Comparison of key modalities of micro-scale spatially offset Raman spectroscopy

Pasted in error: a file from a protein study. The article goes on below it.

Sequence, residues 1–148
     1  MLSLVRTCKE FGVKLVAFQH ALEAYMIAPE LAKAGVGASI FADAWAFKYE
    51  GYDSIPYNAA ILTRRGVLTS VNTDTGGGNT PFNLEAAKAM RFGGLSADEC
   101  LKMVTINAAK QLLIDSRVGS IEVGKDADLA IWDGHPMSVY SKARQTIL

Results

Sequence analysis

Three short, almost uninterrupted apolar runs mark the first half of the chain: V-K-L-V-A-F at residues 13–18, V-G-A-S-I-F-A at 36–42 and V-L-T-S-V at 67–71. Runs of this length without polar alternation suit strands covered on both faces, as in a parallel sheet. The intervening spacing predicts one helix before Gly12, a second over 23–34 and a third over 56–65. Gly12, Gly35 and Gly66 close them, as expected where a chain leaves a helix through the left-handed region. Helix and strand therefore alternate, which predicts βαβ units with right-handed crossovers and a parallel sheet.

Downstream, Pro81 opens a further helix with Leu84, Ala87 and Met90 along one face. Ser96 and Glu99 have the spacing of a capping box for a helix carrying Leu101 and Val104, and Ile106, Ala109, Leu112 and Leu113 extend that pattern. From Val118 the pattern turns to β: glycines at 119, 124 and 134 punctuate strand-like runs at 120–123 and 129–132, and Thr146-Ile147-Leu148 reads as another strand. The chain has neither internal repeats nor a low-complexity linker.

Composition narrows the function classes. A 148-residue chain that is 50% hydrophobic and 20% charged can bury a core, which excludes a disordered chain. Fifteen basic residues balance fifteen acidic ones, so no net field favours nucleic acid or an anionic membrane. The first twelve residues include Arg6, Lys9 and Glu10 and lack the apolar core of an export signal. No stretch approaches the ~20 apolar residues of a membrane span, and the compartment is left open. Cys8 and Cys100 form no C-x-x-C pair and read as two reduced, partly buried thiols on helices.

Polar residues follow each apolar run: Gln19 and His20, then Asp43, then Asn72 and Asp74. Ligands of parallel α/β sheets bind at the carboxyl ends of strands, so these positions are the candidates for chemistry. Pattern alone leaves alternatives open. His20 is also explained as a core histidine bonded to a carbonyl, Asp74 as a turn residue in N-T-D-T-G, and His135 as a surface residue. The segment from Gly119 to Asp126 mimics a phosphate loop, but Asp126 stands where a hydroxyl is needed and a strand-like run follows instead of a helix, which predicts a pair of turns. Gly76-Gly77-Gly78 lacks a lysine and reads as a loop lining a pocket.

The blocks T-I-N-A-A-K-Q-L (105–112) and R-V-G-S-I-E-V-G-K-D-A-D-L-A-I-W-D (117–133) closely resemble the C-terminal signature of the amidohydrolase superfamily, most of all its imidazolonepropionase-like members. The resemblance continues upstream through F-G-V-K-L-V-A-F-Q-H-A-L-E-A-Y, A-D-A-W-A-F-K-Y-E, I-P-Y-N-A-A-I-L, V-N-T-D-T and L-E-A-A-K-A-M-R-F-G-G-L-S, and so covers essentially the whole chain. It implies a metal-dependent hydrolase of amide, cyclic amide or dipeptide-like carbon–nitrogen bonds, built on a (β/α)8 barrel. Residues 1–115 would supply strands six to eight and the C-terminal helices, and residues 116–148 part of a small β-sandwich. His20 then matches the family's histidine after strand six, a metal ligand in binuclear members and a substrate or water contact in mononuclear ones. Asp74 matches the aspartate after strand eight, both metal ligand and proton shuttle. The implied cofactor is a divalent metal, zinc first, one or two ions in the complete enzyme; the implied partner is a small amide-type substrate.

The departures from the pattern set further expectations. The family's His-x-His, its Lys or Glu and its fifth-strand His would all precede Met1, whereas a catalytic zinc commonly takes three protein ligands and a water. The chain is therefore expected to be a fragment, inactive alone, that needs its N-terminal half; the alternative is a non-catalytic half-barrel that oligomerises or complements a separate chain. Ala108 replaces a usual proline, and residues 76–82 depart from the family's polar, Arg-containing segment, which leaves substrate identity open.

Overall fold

We compare several basic embodiments of a recently proposed and demonstrated micrometer-scale Spatially Offset Raman Spectroscopy (micro-SORS). Micro-SORS is a recently introduced analytical method for noninvasive characterisation of the chemical composition of subsurface, micrometre-scale-thick diffusely scattering layers at depths beyond the reach of conventional confocal Raman microscopy. The technique is applicable, for example, in nondestructive subsurface analysis of highly scattering stratified matrices such as painted layers in cultural heritage or in noninvasive analysis of stratified polymer systems or biological samples. Using Monte Carlo simulations, we analysed two defocusing variants of micro-SORS and a variant involving a full separation of illumination and collection zones on the sample surface. Both the penetration depth into the sample and relative enhancement of sublayer Raman signals were studied as a function of layer thickness and type of technique and their parameters. The model predicts that the most effective method by far is the variant with fully spatially separated illumination and collection zones. On the other hand, the defocusing micro-SORS, where both the laser and Raman collection zones are defocussed and overlapped, yielded the lowest performance although its key benefit lies in its simplicity as the concept can be practiced on existing conventional Raman microscopes without any modifications. A basic experimental verification of the theoretical findings contrasting two extreme modalities, the fully separated micro-SORS variant with the defocusing one, is also presented.